Four takeaways from our Hong Kong Summit

The 2019 Infrastructure Investor Hong Kong Summit took place against a backdrop of protests. It’s clear investors are aware of the opportunities that Asia can provide – but many are still wary of the risks involved.

Last week saw the latest edition of Infrastructure Investor’s Hong Kong Summit, but this was no ordinary time to be hosting our conference.

Outside the venue, protests rocked the streets, with the threat of serious disruption ever present. While it was surprising the extent to which life in Hong Kong continued almost as normal, masked protestors engaged in a stand-off with riot police were an unusual backdrop to our annual gathering.

The protests didn’t come up much on stage – other than the occasional piece of travel advice for delegates – but they were a hot topic during networking and conversations over coffee. We hope a safe resolution can be found soon.

Of the topics that were discussed on stage, here are four takeaways that should give investors food for thought:

Finding the right partner is key

Knowing the diverse Asia-Pacific markets and nurturing the right partnerships is key to success in the region. That was the consensus among GPs and LPs with a presence in the APAC economies. “Partnerships are a bit of an obsession for us – we see it as the best way to control risks and de-risk assets,” said John Faye, senior director of APAC infrastructure at Canada’s Caisse de dépôt et placement du Québec.

According to Faye, CDPQ can invest in greenfield assets, and will even consider entering frontier markets in the region as long as a reliable local partner helps them to de-risk assets.

Hans-Martin Aerts, managing director and head of APAC infrastructure investments at APG Asset Management, echoed these comments, saying that a top-down approach to APAC markets doesn’t work. “It’s important to combine it with a bottom-up approach – be down there to identify attractive projects and who the right partners are,” he argued.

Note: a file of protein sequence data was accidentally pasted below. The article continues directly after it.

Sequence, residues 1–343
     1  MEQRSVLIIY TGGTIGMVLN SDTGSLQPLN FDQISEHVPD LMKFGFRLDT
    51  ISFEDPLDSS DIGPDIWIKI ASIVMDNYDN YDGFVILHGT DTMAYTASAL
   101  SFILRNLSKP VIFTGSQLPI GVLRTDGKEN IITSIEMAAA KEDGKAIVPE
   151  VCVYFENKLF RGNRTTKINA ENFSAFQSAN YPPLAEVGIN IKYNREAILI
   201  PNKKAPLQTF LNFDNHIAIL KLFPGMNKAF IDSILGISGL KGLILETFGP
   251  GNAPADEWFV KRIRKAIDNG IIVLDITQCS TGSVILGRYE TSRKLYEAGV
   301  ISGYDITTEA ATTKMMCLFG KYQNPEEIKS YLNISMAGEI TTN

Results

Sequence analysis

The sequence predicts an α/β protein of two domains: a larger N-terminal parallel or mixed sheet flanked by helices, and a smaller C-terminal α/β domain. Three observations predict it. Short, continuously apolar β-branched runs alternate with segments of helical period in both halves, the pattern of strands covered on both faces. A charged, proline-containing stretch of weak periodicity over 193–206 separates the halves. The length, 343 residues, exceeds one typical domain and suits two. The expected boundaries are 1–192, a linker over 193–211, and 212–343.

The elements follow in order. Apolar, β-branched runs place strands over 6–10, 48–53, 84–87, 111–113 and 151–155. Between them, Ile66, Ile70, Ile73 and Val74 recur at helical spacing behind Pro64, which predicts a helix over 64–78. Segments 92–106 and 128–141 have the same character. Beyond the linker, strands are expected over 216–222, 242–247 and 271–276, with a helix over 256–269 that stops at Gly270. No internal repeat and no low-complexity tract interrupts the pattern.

Expect the red carpet in emerging markets

Global Infrastructure Partners’ vice-chairman and former World Bank president Jim Yong Kim assured attendees that governments from developing countries are willing to reward investors entering their markets. “One of the lessons that successful developing economies have learned is that they have to let investors make money,” he said.

According to Kim, all heads of state understand the benefits that private finance can bring to their economies. “[In the past] not every head of state was talking about the need of private sector finance, but now they are all doing it.”

Kim used the 2007 expansion of the Queen Amalia international airport, in Jordan, as an example of a successful PPP. “Rather than paying a huge debt service, [Jordan] has added $1 billion to their treasury, and has one of the best airports in the Middle East,” he said. “We believe that these opportunities can be created everywhere.”

The Asian renewables picture is mixed

Speakers at the Summit expressed optimism over some renewables markets in the APAC region, namely China and Taiwan. But there were also significant notes of caution expressed over two markets that investors have been targeting: Japan and India (the latter’s outlook downgraded from ‘stable’ to ‘negative’ the week before the conference).

“India is going through economic difficulties, and the liquidity crunch [on the financial sector] is having an effect on the industry,” said Rohit Nanda, head of Asia, principal investments – infrastructure at Sumitomo Mitsui Banking Corporation.

Vinod Giri, head of direct investment at India’s National Investment and Infrastructure Fund, noted that higher risk was also leading to financial institutions raising the cost of finance, which could act as a drag on renewables deployment. Still, NIIF maintained a positive outlook on the sector.

Hooked on the OECD

Much is made of the fact there is a huge infrastructure funding gap in Asia, estimated to be around $459 billion per year by the Asian Development Bank in 2017. But Ang Eng Seng, the head of infrastructure investment at Singapore’s sovereign wealth fund, GIC, suggested this gap might not be filled. That’s partly because, in spite of the weight of capital flowing into the asset class, funds are still primarily focused on OECD countries.

The hope is that the “deaflow gap” in developed markets, as Ang put it, combined with higher valuations and compressing returns, will lead smart managers to create deals outside of these traditional boxes that can still appeal to investors looking for similar risk-return levels.

Write to the authors at daniel.k@peimedia.com and eduard.f@peimedia.com